RALPH NOTE: This is a very good article by Bob Moffit of the Heritage institute. In particular, I have pasted the last 1/3 of his article below:
Restoring the Doctor–Patient Relationship. For their part, the doctors and other medical professionals must do whatever is in their power to make the right diagnosis of the condition to be treated and prescribe the right remedy at the right time to cure disease. Doctors should be the key decision-makers in the delivery of health care, and if they are not the key decision-makers, policymakers need to make sure that they become the key decision-makers in the system.
That is where patients come into the equation. If doctors control the delivery of health care, patients should control the financing. So the key ingredient in creating a value-based health care system would be to transfer direct control of the flow of health care dollars to individuals. This would create a patient-centered, consumer-driven system. It would be the kind of system, based on real choice and robust competition, that would deliver what is of value to the patient, not value defined by either government officials or third-party administrators. At the end of the day, value in health care for an individual patient in a clinical setting can only be determined by that patient in direct consultation with his physician based on the best available information and informed consent.
Systemically, in both the public and the private sectors, we are far from that kind of a common-sense arrangement. Patients do not control the financing of health care. America’s households, not government officials or employers, already pay 100 percent of health care costs, but America’s households control only a tiny portion of total health care spending, mostly in out-of-pocket spending for health insurance which is purchased on their behalf and designed by third parties: employers, managed care executives, or government officials.
Those who control the dollars are those who call the shots. Ideally, individuals and families should control every red cent spent on health care as they do in virtually every other sector of the economy, where consumers make an exchange of dollars for goods and services of value to them.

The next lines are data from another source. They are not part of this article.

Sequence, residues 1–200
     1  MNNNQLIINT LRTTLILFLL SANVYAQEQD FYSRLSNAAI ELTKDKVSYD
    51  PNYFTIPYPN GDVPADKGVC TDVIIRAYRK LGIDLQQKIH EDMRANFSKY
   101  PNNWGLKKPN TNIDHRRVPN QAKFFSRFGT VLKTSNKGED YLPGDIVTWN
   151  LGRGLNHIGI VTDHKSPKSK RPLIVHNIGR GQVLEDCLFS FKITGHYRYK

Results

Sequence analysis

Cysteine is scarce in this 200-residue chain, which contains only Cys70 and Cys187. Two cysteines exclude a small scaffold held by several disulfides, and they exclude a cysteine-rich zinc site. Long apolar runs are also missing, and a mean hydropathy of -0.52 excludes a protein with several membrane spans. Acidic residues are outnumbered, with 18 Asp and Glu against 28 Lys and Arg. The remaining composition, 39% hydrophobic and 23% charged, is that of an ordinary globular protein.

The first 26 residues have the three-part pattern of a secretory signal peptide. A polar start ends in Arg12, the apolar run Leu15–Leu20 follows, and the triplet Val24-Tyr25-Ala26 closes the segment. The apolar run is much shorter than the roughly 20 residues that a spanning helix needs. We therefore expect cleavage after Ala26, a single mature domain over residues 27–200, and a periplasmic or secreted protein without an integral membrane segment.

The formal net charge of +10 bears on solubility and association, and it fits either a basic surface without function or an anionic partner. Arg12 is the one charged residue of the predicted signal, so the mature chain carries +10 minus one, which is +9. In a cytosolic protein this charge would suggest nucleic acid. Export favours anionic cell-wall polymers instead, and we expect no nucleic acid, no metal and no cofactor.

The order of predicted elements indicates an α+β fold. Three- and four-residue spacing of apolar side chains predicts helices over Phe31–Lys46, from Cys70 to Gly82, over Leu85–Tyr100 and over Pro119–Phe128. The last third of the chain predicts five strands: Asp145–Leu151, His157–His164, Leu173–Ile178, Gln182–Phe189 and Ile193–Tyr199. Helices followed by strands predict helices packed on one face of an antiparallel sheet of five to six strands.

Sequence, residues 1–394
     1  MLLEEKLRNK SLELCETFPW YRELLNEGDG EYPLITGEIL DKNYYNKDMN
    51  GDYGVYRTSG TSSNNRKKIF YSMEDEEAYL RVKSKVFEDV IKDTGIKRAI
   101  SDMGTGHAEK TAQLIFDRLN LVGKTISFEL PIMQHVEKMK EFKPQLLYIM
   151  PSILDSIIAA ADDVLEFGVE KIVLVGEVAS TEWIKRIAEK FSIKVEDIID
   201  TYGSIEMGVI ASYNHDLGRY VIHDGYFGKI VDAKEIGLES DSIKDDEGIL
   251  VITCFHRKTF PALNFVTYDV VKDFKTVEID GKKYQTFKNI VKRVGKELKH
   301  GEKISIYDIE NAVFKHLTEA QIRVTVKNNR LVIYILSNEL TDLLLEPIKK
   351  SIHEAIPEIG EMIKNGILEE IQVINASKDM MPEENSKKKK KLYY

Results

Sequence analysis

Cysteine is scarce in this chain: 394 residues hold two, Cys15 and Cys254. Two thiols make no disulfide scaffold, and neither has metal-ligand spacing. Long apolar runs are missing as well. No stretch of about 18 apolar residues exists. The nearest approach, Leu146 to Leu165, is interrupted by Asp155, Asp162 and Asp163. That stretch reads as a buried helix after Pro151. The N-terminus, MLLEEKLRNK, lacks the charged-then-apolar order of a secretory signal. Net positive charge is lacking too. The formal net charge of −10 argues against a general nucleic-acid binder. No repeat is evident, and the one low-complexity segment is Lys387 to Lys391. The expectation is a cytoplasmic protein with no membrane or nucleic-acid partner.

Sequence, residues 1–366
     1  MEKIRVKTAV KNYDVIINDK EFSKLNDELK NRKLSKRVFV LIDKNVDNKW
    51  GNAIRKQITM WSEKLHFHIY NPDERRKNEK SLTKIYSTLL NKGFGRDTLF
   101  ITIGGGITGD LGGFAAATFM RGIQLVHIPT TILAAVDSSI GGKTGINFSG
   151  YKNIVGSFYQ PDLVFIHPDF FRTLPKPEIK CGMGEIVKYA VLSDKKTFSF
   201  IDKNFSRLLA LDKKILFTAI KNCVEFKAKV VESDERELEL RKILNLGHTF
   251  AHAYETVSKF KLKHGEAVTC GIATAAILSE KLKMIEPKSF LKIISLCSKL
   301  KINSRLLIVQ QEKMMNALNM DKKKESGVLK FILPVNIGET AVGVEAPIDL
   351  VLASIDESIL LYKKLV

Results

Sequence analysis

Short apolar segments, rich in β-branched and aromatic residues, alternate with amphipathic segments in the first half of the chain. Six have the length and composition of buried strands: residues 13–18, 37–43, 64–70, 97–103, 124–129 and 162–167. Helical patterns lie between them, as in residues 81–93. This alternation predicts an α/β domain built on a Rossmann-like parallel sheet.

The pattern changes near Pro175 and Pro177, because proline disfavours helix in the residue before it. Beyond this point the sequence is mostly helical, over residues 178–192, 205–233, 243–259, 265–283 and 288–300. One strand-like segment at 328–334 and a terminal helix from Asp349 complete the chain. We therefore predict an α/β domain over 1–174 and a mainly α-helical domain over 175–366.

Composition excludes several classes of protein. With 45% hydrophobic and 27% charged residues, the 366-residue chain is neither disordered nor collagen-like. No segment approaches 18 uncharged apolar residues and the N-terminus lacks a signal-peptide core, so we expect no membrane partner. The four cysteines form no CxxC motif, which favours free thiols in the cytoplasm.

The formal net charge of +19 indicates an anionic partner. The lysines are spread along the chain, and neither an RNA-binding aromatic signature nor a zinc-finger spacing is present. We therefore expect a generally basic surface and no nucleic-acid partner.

The Fruits of Patient Empowerment
What would such a new approach mean for doctors and patients?
First, it would mean much greater personal choice over health options in both the public and the private sectors. In the public sector, it would mean that retirees would, for example, be able to carry their private health plans with them into retirement and secure a generous government contribution to offset their cost. In the private sector, individuals and families would have the opportunity, if they wished to do so, to own and control their health insurance policies, just like they own and control their own auto, life, and homeowners insurance, and be able to take their policies with them from job to job without a tax or regulatory penalty.
Second, it would mean much greater patient control over the financing of health options. Individuals would be able to buy the plans they want, the benefits they want, and contract with doctors and other medical professionals for the services they want at a price they wish to pay. This means that individuals would be able to pick health plans that provide them value for their dollars; they would know the price of medical services, and they would be able to compare performance and quality in an information-driven market.
Third, health plans and doctors and other medical professionals would compete on a level playing field. Government would not be in the business of picking winners and losers, setting different rules for different plans and groups, or encouraging or discouraging the marketing or promotion of different health care options.
Finally, individuals and families would be able to pick health plans and medical professionals that support or at least accommodate their ethical, moral, and religious convictions. That is especially important in sensitive matters dealing with the beginning and the end of life.
—Robert E. Moffit, Ph.D., is Senior Fellow in the Center for Policy Innovation at The Heritage Foundation. This lecture is based on his September 23, 2010, presentation to members of the Senate Republican Policy Committee at a session chaired by Senator Charles Grassley (R–IA), Ranking Member of the Senate Finance Committee.